With a title like Brawl in Cell Block 99, one might think that S. Craig Zahler’s second directorial effort is an exploitation film filled with B-movie action. There are elements in the script and set pieces that signal toward grindhouse action, sure, but Brawl in Cell Block 99 is more than just a B-movie. It is a clever, exploitation action pastiche.
Following Zahler’s first film, Bone Tomahawk, which seamlessly blended genres without sacrificing the artistic beauty or history of those genres, it is no surprise that he continues to have a brilliant handle on genre with Brawl.
The first 15 minutes of the film are utterly transfixing. A day could not be worse for a man like Bradley Thomas (Vince Vaughn). He loses his job and comes home to find his wife leaving to continue an affair that she has been engaging in for three months. Aside from one outburst of violence—violence which he inflicts only on himself and some property—Bradley handles this day from hell with an astounding calm.
Even as his world spirals downward to the point where he ends up in prison with a seven-year sentence, Bradley continues to have a calculated poise.
As Bradley handles everything deliberately, so does the filmmaker. Vaughn’s stoic performance and the slow burn pace make for a film that could read boring to a fan of more high-octane genre cinema, but it delivers nonetheless as a vicious action piece with both grindhouse sensibilities and a knack for selling its simple story with quiet pauses.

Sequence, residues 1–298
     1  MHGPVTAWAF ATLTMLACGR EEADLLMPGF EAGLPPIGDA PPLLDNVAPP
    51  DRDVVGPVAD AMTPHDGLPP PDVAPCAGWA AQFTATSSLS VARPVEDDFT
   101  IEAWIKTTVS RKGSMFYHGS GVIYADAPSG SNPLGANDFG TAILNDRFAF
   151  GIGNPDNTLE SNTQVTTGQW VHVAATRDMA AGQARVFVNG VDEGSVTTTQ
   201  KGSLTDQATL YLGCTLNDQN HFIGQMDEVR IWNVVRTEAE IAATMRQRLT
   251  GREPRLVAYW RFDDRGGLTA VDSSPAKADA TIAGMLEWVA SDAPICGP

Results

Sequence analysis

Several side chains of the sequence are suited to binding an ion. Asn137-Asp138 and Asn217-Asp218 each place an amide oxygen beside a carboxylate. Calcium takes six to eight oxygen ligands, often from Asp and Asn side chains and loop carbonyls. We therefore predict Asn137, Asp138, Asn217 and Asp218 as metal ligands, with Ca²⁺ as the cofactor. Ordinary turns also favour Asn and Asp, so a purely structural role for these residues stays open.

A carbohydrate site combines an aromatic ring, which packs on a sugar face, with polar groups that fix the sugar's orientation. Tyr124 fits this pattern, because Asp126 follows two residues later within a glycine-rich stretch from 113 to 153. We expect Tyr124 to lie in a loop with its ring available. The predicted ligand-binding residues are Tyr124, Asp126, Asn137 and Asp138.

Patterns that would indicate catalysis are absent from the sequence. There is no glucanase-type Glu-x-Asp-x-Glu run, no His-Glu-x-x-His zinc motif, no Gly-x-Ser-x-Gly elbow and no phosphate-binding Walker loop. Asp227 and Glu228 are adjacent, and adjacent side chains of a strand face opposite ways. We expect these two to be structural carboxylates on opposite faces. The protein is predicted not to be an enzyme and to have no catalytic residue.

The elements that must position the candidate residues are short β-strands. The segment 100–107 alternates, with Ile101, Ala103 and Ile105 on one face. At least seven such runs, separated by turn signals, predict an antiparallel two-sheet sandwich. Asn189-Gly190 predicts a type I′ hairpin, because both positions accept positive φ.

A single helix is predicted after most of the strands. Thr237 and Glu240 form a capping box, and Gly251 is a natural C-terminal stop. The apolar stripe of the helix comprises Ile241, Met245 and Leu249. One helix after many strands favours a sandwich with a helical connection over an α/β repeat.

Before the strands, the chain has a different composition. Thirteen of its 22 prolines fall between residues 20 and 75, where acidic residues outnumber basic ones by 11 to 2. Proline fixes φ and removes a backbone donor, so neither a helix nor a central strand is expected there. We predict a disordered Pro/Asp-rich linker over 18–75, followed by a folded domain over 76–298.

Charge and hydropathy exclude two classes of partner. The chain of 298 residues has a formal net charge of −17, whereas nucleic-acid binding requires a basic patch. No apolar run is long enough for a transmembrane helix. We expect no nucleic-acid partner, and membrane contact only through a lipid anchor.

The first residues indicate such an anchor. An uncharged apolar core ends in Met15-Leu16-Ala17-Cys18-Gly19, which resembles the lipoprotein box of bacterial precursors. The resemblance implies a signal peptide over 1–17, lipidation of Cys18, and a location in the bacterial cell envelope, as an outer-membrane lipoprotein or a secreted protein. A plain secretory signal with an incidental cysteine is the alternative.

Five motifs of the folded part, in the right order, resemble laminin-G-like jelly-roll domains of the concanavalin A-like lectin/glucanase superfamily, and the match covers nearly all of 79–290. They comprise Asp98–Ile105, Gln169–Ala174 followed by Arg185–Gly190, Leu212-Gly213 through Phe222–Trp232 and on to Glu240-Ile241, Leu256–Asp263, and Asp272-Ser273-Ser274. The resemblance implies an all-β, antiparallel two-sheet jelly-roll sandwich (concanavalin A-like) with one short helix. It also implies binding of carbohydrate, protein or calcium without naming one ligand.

The potential downside of Brawl in Cell Block 99 could be its simple story, its linear trajectory of Vaughn-as-pressure-cooker bursting into brutal rages as necessary to achieve his end-goal. Even at a hefty two hours and 12 minutes, this is all the story the film needs to feel full.
The dialogue can get heavy on the cheeky one-liners and cliches. That could prove harmful to the film, but this is in-line with the genre to which the film pays homage. If anything, this script is more clever than your average action movie.
Brawl is no thinking-person’s movie. It isn’t going to get your mind going about the tenants of stoicism in the face extreme pressure or break your heart over Bradley’s plight. It is a movie with Brawl in the title, after all.
What the film will do is awe you with its exquisite fight choreography and brilliant handling of the camera in and out of combat. Vaughn will impress with his brutish performance. Brawl will entertain for those looking for a fresh take on an old favorite.
Brawl in Cell Block 99: B+
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—Alex Brannan (@TheAlexBrannan)